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When it comes to what makes a computer (or any other) language a programming language, there are three characteristics usually required:

  1. Saving state (variables)
  2. Selecting a code path (if-then)
  3. Iteration or recursion (or equivalent)

This post is just a brief note (for a friend) about the third item and why it allows three distinct options.

What’s really going on here is iteration, and given the “or equivalent” option it’s actually debatable whether this really is a requirement of programming languages. The bottom line is that we can accomplish iteration with the first two: state and selection.

The third requirement, if stated only as “Recursion” can be thought of as requiring functions or sub-routines in a programming language. But, again, given the “or equivalent” option, even functions aren’t required in a programming language.

To avoid being coy, the “or equivalent” option refers to labels (that mark a specific point in the code) and the infamous GOTO statement. But since the GOTO is notoriously bad for your health, programmers prefer iteration and/or recursion!


It’s almost weird how often code contains sections of one or more statements that need to be repeated over a range of some kind. Maybe it’s a chessboard and we need to clear all the squares or a table of baseball statistics we need to sum.

Many languages offer a hand way to iterate over some sort of range. A common one is the for (or for-next) loop. Here’s a generic example:

data = some-stuff
for ix = 0 to 10
    data = zig(data)
    data = zag(data)
next ix

In this toy example, we have a data thingy, and we want to zig() and zag() over that data ten times. (All we’re doing here is symbolizing repeatedly doing some stuff to some other stuff. And it takes two steps.)

Some languages even provide a nice means of iterating over a list:

data = list-of-some-stuff
for item in data
next item

(The above assumes we can operate on each item in the list without needing a copy back. That is, we’re directly operating on item. Without that assumption, we’d need a method to put the zig-zagged item back in the data list.)

Without that handy syntax, iterating over a list of stuff is slightly more messy:

data = list-of-some-stuff
for ix in length(data)
    item = data[ix]
    data[ix] = zag(zig(item))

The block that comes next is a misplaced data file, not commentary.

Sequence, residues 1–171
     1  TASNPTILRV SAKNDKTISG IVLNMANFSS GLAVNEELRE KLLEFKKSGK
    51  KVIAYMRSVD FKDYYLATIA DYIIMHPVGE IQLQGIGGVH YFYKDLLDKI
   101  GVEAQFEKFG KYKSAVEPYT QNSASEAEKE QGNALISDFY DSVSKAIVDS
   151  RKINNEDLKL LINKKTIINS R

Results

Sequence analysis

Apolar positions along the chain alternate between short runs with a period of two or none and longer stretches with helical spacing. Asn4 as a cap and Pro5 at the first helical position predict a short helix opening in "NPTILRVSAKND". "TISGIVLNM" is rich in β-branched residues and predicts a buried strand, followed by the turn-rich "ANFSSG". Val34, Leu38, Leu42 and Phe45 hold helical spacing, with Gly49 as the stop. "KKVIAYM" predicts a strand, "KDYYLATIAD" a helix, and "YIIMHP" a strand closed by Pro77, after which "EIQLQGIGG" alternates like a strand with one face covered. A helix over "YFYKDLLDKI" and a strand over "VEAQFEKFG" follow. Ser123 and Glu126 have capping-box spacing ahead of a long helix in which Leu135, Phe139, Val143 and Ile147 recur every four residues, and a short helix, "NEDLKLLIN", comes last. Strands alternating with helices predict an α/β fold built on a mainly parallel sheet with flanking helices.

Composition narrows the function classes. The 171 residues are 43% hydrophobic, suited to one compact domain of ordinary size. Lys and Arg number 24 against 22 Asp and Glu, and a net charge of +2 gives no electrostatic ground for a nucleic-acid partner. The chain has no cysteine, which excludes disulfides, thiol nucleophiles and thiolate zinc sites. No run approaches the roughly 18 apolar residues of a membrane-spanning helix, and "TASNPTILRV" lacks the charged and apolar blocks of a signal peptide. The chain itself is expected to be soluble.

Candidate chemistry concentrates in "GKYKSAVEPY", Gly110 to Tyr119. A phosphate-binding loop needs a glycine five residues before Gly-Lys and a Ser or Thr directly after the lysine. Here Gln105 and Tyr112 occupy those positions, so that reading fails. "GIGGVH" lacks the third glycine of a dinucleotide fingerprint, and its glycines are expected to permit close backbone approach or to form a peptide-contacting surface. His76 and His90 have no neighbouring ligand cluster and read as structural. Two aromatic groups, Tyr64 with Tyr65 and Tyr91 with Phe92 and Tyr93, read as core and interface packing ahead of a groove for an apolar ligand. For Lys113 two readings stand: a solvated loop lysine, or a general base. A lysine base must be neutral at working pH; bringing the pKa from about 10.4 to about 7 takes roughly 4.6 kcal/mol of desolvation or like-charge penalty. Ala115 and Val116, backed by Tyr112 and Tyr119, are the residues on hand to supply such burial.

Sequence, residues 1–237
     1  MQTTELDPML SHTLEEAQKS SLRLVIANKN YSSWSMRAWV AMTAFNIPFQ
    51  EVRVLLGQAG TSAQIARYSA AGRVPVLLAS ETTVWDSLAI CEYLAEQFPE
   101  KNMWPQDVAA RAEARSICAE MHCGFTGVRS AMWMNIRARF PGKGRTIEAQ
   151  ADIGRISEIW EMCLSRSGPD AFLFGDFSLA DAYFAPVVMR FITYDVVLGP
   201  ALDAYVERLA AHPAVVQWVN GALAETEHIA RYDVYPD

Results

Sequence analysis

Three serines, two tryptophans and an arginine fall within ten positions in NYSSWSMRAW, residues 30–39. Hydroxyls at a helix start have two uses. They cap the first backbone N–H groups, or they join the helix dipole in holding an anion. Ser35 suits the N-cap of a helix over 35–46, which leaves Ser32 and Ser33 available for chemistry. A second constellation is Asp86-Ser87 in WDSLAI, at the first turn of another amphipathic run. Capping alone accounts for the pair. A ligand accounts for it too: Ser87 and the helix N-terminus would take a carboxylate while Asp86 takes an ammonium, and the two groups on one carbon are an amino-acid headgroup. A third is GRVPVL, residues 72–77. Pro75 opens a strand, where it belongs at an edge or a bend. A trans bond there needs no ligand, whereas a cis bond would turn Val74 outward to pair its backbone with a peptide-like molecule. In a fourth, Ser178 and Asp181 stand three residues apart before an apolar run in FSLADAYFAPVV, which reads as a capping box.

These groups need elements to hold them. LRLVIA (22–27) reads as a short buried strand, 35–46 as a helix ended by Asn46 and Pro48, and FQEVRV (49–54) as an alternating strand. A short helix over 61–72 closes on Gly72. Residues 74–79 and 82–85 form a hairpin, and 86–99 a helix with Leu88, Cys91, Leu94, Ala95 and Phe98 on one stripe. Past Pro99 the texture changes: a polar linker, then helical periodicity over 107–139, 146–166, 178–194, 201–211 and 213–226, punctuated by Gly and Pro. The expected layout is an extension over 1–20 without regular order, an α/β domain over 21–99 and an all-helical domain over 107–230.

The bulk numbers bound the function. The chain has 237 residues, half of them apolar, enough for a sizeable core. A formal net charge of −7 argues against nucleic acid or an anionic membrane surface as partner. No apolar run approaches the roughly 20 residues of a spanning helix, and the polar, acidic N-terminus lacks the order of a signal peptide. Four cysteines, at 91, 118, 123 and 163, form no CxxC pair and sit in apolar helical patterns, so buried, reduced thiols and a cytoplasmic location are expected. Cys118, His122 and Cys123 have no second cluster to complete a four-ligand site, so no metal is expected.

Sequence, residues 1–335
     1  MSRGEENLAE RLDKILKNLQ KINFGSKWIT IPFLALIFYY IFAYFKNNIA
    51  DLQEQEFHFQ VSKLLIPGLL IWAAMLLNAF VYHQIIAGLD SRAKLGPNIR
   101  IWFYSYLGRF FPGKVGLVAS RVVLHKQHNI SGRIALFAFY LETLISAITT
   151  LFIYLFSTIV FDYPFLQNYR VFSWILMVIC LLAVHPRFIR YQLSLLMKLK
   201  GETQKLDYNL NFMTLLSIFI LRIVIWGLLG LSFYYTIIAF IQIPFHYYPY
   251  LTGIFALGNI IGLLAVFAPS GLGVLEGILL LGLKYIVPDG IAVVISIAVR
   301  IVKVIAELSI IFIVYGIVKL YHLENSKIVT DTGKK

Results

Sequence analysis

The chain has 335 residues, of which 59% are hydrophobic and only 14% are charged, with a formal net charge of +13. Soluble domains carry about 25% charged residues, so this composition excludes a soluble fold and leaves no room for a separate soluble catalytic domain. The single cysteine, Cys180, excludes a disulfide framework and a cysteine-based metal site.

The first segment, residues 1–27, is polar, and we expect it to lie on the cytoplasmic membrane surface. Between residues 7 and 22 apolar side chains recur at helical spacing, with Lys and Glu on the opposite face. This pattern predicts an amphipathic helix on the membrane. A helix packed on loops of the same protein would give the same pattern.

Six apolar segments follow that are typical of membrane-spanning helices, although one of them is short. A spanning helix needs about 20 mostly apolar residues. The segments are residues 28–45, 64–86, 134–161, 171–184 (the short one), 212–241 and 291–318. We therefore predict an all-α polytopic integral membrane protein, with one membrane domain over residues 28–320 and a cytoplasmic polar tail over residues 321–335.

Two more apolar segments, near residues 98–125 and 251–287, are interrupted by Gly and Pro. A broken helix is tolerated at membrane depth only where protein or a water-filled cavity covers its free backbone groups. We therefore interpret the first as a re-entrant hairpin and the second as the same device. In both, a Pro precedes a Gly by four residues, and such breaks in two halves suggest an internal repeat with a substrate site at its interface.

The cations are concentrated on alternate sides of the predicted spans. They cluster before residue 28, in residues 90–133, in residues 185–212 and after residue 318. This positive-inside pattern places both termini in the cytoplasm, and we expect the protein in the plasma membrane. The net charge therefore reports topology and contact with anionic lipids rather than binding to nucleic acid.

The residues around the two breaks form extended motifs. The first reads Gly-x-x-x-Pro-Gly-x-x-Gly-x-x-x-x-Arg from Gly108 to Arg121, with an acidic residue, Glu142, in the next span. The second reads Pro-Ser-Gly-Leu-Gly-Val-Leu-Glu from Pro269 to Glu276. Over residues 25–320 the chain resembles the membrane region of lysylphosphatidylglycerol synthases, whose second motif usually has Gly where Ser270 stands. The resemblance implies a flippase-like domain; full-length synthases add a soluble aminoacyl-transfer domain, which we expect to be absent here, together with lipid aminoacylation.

next ix

(At least in this case we no longer need to assume operating directly on the list items. We pull them out, operate on them, and then put them back. It all depends on what we’re doing with the data, and that’s not relevant here.)

Some languages don’t have a for loop (and some situations don’t lend themselves to its use if available), so there is a more basic form of iteration, called a while loop.

data = some-stuff
ix = 0
while ix < 10:
    data = zig(data)
    data = zag(data
    ix = ix + 1

Nearly all languages have a while loop. Some also have an until loop, which is has opposite logic — it loops until some condition becomes true.

Depending on the exact requirements — what we’re doing with the data — there are many variations on the above basic patterns.

One key point here is that, although we used zig() and zag() to stand for some sort of processing of the data, there’s no need for them to be functions. Instead, each of the loops above could contain just a series of code statements. That is to say, we could ‘spell out’ exactly what zig() and zag() actually do.

Given the ability to have variables, selection, and iteration, we have a programming language capable of implementing any algorithm (assuming robust forms of state).

However we can give up the loop constructs in favor of…


Every loop above can be implemented as a recursive function. The basic pattern goes something like this:

function stuff_loop (state):
    if done(state):
    return stuff_loop(next(state))

The idea is to call the function with some sort of state object that allows two operations: done(), which if true indicates the loop is complete; and next(), which advances to the next state.

The simplest form would be a count-down variable:

function stuff_loop (nbr_times):
    if nbr_times <= 0:
    return stuff_loop(n-1)

We often want to pass some data object to the recursion as well as get back a result:

function stuff_loop (nbr_times, data):
    if nbr_times <= 0:
        return data
    data = do_loop_stuff(data)
    return stuff_loop(n-1, data)

And that basically implements the loops above! We us it like this:

data = stuff_loop(10, some-stuff)

Recursively iterating over a list (say to sum a list of numbers) is easy, too (especially if we can consume the list, which makes it its own state object):

function sum_list_of_numbers (list):
    item = remove_first_item(list)
    return item + sum_list_of_numbers(list)

If we can’t consume the list, we need to pass an index (state) variable, just as we did above. We can also use a sum variable:

function sum_list_of_numbers (index, sum, list):
    if length(list) <= index:
        return sum
    item = list[index]
    return sum_list_of_numbers(index+1, sum+item, list)

So anything that can be done with iteration can be done with recursion.

But we don’t actually need either of those if the language provides the ability to label some point in the code (many do) and it has the GOTO statement. These, in fact, are the circumstances under with most compiled code and microprocessors operate.

Or Equivalent

Here’s how we might implement the loop using the crude tools of labels and GOTO statements (we can do this for any of the loops above):

data = some-stuff
ix = 0
if ix < 10:
    ix = ix + 1
    goto loop_start

Which is pretty much what any of the loops above might compile down to. Assembly language often lacks loop constructs. (But it does allow sub-routine calls, so loops can be implemented recursively even in assembly.)